Gen Z-ers Like Me Are Being Seduced by Socialism
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“That wasn’t real socialism.”

“I want democratic socialism, not authoritarian socialism.”

“Capitalism is an archaic system.”

If you know a politically active young person, I am sure at least one of these quotes will ring a bell. Well, at least 49.6 percent sure — that’s the percentage of young Americans (millennials and Gen Z) who would prefer to live in a socialist country, according to Axios. It is becoming increasingly likely that today’s youth will never abandon socialism, even when shown historical records of economic meltdowns under socialist states. Some have speculated that this is because they don’t know much about the history of socialism. In reality, it is because young people have constructed their own history of it — one that ignores the failures of 20th-century redistributionist regimes. And that’s what so dangerous.

Socialism has long been a dreaded word, and rightfully so. It is associated with the systematic elimination of civil liberties and the slaughter of millions. The feel-good definition of utopian socialism has inevitably lured millennials and even some of my own age group, Gen Z-ers, to re-evaluate socialism. In the name of the adoption of this ideology, young supporters of socialism have distanced themselves from current and former major socialist states such as the Soviet Union and Venezuela. They advocate for a new, stylish form of socialism, one that can supposedly function in a free country. It is often called “democratic socialism.” Sen. Bernie Sanders of Vermont and his comrades in Congress such as Rep. Alexandria Ocasio-Cortez (D-N.Y.) have long championed this unique brand of socialism. They promise free health care, free college, free this, free that. It doesn’t look too good that they’re pandering to the poorest generation since the Great Depression — and the generation that largely does not know what the definition of socialism is. Only 16 percent of millennials actually know what socialism means, and thus, its promises of free stuff are pretty enticing to them. But the question one has to answer in exploring this ideology is: Has democratic socialism actually worked in any country before?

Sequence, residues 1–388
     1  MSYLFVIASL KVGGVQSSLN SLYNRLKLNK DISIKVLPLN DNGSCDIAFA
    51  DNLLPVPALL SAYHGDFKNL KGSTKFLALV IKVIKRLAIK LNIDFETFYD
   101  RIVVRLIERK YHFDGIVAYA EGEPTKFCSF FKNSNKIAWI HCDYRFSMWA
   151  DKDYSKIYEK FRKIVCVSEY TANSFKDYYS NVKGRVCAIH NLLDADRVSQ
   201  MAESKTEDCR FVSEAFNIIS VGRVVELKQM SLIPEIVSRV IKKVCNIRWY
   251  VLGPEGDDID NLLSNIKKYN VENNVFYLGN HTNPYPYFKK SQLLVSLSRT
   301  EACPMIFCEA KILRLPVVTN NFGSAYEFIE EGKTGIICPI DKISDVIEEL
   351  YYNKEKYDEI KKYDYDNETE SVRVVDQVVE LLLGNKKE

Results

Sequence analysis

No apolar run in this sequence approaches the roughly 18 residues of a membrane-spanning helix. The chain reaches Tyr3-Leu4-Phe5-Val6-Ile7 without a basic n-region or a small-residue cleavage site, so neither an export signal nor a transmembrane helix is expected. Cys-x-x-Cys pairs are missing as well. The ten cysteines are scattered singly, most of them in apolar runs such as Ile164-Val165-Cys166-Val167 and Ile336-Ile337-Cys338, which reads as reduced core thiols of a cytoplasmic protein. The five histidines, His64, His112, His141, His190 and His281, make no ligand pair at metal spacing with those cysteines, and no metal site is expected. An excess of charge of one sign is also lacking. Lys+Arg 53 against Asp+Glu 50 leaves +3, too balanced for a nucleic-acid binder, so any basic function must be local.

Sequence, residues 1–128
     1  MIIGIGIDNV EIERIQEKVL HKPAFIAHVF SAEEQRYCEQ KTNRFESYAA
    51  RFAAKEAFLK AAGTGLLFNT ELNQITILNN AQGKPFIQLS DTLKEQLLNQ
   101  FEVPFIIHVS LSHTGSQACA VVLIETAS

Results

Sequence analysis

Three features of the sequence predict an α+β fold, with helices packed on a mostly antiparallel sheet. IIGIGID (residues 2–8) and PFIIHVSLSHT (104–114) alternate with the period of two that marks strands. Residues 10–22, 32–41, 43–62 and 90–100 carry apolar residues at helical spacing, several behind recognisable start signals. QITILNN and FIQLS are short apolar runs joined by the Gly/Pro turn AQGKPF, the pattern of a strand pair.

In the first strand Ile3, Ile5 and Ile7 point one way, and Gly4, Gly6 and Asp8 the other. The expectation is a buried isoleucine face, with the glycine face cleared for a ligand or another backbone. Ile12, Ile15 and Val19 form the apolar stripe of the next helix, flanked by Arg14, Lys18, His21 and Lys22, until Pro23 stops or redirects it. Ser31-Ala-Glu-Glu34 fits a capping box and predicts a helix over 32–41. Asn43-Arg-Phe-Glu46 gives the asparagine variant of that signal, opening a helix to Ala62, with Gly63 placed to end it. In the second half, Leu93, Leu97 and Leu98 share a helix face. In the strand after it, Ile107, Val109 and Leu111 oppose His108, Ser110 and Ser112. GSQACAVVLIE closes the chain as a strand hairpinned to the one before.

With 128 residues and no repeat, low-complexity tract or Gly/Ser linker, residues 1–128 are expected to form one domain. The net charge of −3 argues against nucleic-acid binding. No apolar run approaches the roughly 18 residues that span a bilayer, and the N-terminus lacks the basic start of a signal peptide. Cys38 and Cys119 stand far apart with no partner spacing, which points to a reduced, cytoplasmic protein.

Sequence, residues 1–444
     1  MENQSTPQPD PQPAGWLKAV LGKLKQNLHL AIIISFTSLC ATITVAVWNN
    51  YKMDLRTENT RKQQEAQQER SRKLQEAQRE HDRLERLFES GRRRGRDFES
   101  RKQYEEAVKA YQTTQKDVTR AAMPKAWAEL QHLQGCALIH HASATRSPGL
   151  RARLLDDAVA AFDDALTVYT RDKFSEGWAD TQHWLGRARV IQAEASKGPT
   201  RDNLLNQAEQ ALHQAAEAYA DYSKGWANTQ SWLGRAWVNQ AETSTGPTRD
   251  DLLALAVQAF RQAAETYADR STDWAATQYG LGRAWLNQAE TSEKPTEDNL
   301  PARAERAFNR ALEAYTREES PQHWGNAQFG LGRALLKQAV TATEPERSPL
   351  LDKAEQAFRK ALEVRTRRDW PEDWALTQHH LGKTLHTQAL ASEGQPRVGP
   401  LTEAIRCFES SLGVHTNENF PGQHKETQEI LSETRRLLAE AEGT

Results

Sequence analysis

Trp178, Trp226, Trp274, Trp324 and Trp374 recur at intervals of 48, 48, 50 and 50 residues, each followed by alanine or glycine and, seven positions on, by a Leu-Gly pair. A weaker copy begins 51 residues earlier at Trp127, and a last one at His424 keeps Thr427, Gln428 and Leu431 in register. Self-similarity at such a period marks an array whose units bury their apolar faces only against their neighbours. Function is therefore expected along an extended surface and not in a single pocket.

In order to prove the validity of their idealistic, modernized version of socialism, democratic socialists reference Western nations, particularly Nordic ones, that at one point or another had both a “successful” welfare state and a democracy. These nations are lumped together in what is known as the “Nordic model.” It’s not all candy and rainbows for these nations, though; their success is largely purported. In reality, countries like Sweden and Denmark aren’t the blissful workers’ paradise that many make them out to be. Denmark’s own Prime Minister, Lars Løkke Rasmussen, said this at a speech given at Harvard’s Kennedy School of Government: “I know that some people in the U.S. associate the Nordic model with some sort of socialism. Therefore I would like to make one thing clear. Denmark is far from a socialist planned economy. Denmark is a market economy.” Regarding Sweden, its socialized system only “worked” in the ’70s and ’80s before inflation rate went through the roof due to an extreme amount of debt. In the 1990s, Sweden’s banks nearly failed. Furthermore, excessive taxes left Sweden’s corporate sector in shambles, prompting major corporations like IKEA to leave the country. Susanna Hoffman has noted that “entrepreneurs fled the country” and that “not a single net job was created in the private sector.” Swedish economist Johan Norberg made clear that the “experiment with socialism crashed us.” After its economic demise, Sweden began reforms in an attempt to restore its free market economy. It is now a functioning first-world country.

Many young people turn to these Nordic countries when they think of socialism because they have been sold a common lie by the proponents of socialism, a fabrication of history that says that these Nordic states were always socialist or that they never failed. There is no stable example of a modern socialist nation. All attempts, such as those seen in Sweden and Denmark, were blunders that led toward economic demise. Sanders still cites Sweden as the bastion of democratic socialism — even though it hasn’t been remotely socialist for two decades.

This is where our nation’s young people get their backwards history of socialism: from the complete mischaracterization of supposedly “socialist” nations and their past. To my fellow peers, classmates and friends: socialism cannot be reformed. It cannot be modernized. It cannot be revived, rejuvenated, or renovated, no matter how much our politicians may cajole us to adopt it. We cannot allow the youth of America to be baited by false promises of a restoration of socialism. If we do, we risk repeating history. And the repetition of history often leads to catastrophe.

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